BackEat & Drink » Food Culture » Burger King Pulls 'Racist' Ad of People Eating 'Vietnamese' Burger With Giant Chopsticks

Have it your way, but what if that way is exaggerated chopstick use with racist undertones?

Burger King New Zealand just landed itself in hot water after a video commercial for its new Vietnamese-style burger was posted on Instagram. The short clip shows several diners trying to wolf down the new burger using a pair of comically large red chopsticks. Some even hold each of the chopstick in separate hands. Why?



The questionable video was spotlighted first by Twitter user Maria Mo (@mariahmocarey), a New Zealander of Korean descent, who mocked the ad for its use of Asian stereotypes. Chopsticks are used across the world by billions of Asians every day, none of whom would use them to eat a burger in such a hyperbolic manner. “To me, it was just another portrayal of Asian culture that narrowed it down to a caricature,” she told Washington Post.

The Vietnam-inspired dish, named Vietnamese Sweet Chili Tendercrisp, was released as part of the fast food chain’s new “Tastes of the World” series, featuring American-, Japanese- and Vietnamese-style burgers. According to the Burger King website, Vietnamese Sweet Chili Tendercrisp has mayonnaise, lettuce, tomato, onion, a fried chicken patty and sweet chili sauce. “Take your taste buds all the way to Ho Chi Minh City,” the description reads.

A Vietnamese burger with nothing Vietnamese in it. Screenshot of the Burger King New Zealand website.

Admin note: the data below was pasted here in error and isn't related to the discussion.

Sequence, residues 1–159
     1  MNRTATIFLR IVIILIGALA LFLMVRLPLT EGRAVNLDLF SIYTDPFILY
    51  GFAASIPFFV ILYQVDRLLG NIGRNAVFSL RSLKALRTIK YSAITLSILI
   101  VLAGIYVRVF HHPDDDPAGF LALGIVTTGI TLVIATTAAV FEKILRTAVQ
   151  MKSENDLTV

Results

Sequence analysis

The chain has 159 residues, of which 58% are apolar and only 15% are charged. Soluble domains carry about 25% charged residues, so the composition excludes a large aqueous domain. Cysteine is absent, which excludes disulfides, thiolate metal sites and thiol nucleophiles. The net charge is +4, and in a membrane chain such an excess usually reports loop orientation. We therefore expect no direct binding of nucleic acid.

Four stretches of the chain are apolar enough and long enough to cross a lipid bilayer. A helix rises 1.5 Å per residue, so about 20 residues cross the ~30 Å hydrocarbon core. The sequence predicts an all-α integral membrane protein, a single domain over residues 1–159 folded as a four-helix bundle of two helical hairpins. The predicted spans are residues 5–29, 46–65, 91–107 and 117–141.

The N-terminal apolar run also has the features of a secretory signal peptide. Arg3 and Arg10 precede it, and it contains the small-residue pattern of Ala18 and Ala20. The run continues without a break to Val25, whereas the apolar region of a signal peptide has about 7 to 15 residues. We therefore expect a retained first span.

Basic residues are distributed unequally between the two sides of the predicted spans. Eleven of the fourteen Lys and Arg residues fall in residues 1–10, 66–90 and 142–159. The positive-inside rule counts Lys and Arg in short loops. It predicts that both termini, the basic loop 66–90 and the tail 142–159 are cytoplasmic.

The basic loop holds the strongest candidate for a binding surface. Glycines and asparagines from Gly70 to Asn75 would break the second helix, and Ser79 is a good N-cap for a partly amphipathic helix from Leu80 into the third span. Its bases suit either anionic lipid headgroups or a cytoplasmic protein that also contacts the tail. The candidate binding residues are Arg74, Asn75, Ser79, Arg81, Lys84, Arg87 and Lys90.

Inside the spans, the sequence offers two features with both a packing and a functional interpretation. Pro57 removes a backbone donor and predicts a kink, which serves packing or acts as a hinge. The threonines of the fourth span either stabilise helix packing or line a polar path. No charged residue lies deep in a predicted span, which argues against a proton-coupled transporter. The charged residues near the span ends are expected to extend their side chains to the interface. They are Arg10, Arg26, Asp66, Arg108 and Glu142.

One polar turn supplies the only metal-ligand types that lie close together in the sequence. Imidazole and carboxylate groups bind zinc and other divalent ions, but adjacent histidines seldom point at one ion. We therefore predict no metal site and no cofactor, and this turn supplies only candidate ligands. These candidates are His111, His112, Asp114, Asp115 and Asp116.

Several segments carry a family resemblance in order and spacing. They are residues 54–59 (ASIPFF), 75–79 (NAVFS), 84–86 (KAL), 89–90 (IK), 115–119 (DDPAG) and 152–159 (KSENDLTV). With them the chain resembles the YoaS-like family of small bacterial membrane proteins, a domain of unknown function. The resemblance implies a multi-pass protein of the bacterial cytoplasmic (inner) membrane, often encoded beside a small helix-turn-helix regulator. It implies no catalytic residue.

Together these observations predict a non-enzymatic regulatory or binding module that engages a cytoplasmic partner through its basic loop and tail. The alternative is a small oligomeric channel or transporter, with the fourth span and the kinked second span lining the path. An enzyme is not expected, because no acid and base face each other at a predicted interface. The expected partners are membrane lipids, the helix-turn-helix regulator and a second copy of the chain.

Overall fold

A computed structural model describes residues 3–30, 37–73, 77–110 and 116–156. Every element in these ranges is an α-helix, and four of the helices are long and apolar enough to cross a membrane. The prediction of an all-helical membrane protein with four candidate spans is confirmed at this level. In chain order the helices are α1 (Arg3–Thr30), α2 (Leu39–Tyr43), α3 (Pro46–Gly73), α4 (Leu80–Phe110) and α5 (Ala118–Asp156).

Mo’s sentiment was echoed by other Asian users who censured the brand's cultural insensitivity. Some even noted that sweet chili sauce is not even Vietnamese, but Thai. Others chimed in with past instances of when Asian cultures were mocked by big brands in a failed attempt at humor. Dolce & Gabbana’s unbelievably racist chopstick ad is one of them.

According to The New Zealand Herald, the same video ad by Burger King was pulled from television last month by the Advertising Standards Authority, albeit for a different reason. The authority deemed that the ad is “enticing people to overeat” due to a line in the script: “Just need another three.”

After the backlash, Burger King has pulled the incendiary video from its social media altogether and issued an apology. “The ad in question is insensitive and does not reflect our brand values regarding diversity and inclusion,” it said. “We have asked our franchisee in New Zealand to remove the ad immediately.”

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